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Discussion Starter · #1 ·
I've searched tons but keep getting mixed answers on this question: when people say they are adding a "body lift" does that mean the lift from frame to body or is it in addition to the stock bushings as well? So would a 2" lift really be 2" or more like 2.75"? Hope it doesn't sound like too stupid a question but I haven't had a straight answer yet. Thanks!
 

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It will be 2". The old ones go in the garbage. May I plz suggest doing a lift the right way though. Do a suspension lift with no more than 1" body lift
 

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It will be 2". The old ones go in the garbage. May I plz suggest doing a lift the right way though. Do a suspension lift with no more than 1" body lift
X2 I've seen a 2" body lift go through the tub
 

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there are 2 types of body lifts, the good ones that replace the whole mount and the pucks that just sit on the old mounts. daystar and prothane are the good ones but they are only 1".
 

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OP, There is no "right" way. Do what works for you and accomplishes
the desired effect.
I wanted to accomodate the 31" tires and wheels I already had from a prior XJ. I do not do extreme 4 wheeling, just mountain trails that a conventional sedan probably couldn't traverse.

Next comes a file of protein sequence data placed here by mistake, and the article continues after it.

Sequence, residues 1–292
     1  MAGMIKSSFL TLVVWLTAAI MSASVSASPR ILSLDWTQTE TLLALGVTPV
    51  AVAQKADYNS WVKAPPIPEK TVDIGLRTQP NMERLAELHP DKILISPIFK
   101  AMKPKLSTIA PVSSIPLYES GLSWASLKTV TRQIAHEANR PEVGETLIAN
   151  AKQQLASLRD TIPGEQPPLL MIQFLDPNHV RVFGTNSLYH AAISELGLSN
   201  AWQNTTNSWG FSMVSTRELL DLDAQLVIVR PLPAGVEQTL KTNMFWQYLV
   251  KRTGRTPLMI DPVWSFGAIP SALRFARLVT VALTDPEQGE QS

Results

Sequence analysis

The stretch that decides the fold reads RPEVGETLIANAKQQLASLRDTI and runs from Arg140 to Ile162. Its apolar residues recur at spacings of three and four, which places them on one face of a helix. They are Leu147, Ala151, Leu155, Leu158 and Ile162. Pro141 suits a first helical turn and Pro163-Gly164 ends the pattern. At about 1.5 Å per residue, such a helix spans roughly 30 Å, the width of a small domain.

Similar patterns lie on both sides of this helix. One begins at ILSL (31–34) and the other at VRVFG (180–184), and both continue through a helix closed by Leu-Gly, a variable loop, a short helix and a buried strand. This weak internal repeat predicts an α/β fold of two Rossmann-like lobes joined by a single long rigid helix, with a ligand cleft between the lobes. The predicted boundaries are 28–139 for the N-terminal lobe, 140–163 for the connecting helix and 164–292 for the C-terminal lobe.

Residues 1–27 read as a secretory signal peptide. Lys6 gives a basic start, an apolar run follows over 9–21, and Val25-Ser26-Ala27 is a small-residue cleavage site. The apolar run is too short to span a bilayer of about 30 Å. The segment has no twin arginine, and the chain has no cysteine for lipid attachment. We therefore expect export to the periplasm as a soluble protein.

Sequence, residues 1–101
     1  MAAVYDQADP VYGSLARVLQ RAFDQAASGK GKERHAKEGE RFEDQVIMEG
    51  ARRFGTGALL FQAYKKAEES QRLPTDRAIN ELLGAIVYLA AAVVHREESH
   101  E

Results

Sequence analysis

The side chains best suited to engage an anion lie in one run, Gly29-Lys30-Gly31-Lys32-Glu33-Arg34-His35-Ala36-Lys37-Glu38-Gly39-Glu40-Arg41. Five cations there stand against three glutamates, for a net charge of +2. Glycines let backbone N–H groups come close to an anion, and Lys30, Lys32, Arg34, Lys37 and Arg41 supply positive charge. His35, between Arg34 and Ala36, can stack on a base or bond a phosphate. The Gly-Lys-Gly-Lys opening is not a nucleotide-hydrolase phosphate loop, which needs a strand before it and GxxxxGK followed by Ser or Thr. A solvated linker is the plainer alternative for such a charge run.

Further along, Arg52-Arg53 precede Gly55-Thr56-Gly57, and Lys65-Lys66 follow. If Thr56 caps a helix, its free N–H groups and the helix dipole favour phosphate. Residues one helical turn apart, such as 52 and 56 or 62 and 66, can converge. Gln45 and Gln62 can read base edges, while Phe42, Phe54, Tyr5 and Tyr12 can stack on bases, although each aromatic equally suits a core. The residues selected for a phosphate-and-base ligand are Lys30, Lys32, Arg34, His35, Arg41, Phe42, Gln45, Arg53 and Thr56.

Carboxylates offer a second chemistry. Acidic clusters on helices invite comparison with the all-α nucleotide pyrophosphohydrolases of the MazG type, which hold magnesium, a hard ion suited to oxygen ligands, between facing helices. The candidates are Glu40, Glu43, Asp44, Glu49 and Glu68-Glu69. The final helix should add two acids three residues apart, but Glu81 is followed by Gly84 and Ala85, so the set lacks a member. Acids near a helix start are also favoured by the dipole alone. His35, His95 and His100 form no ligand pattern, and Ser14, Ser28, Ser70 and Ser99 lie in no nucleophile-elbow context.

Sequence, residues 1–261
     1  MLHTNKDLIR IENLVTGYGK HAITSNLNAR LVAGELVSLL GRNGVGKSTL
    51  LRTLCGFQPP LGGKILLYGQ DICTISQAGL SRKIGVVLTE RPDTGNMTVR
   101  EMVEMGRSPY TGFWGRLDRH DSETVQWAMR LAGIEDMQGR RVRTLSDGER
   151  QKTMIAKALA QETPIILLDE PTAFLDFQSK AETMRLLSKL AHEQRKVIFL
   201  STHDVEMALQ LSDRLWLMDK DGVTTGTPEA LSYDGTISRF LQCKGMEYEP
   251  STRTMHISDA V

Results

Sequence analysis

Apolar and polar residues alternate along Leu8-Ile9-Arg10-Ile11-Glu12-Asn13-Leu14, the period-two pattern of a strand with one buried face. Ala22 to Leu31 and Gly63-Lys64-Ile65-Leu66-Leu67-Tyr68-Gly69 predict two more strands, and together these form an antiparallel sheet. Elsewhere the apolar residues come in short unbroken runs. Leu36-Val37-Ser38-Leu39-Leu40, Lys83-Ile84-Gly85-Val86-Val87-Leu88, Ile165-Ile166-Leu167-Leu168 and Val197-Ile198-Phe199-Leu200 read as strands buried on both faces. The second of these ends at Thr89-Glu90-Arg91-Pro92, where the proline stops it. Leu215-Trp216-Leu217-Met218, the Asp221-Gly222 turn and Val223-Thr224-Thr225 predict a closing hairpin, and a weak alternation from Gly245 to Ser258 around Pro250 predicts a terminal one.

I went with a 2" body lift two years ago and probably 7 thousand miles in that two years. I have had absolutly no problems because of the lift, and the tires clear with plenty of room to spare.

I advocate for body lifts for the following reasons:
1)-Inexpensive
2)- Simple- No SYE or other suspension modification.
3)- No transfer Case Drop and resultant stress on motor mounts.
4)- Only a marginal raise in center of gravity. Weight of frame and drive train stay at stock height + 1/2 of tire size increase.

Some Jeepers go with suspension lifts because of the type of 4 wheeling they do. They need greater articulation in order to crawl over rocks and other obsticals. Do your homework so that you can choose what is right for you. What type of 'wheelin is most common in New Hampshire? What type do you plan on doing?

For me the body lift works well. For a hundred bucks, It consisted of 2" pucks that sit on top of the stock body mounts and moved the tub up 2 more inches off the frame. Came with the necessary bolts and brackets to drop the radiator plus 2 square boxes to support the grill panel rubbers. I did have to grind away a small portion of the floor so that the shifter would go into reverse. You may have to grind away a small portion of the floor with a TC drop also.

I might add, that I was lucky enough to find a rust free tub & frame as a complete driveable vehicle. I think that the Jeepers that have problems with body lifts perhaps install them on tubs with rusty body brackets.

Opinions are like (o)s. We all have one.

My $00.02. Good Luck, L.M.
 

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Discussion Starter · #8 ·
May I plz suggest doing a lift the right way though. Do a suspension lift with no more than 1" body lift
Thank you for the quick reply. I've got a set now that are fiber reinforced composite plastic. I think they are made by Daystar and are 1.25" in height. I didn't plan on going any higher with a BL.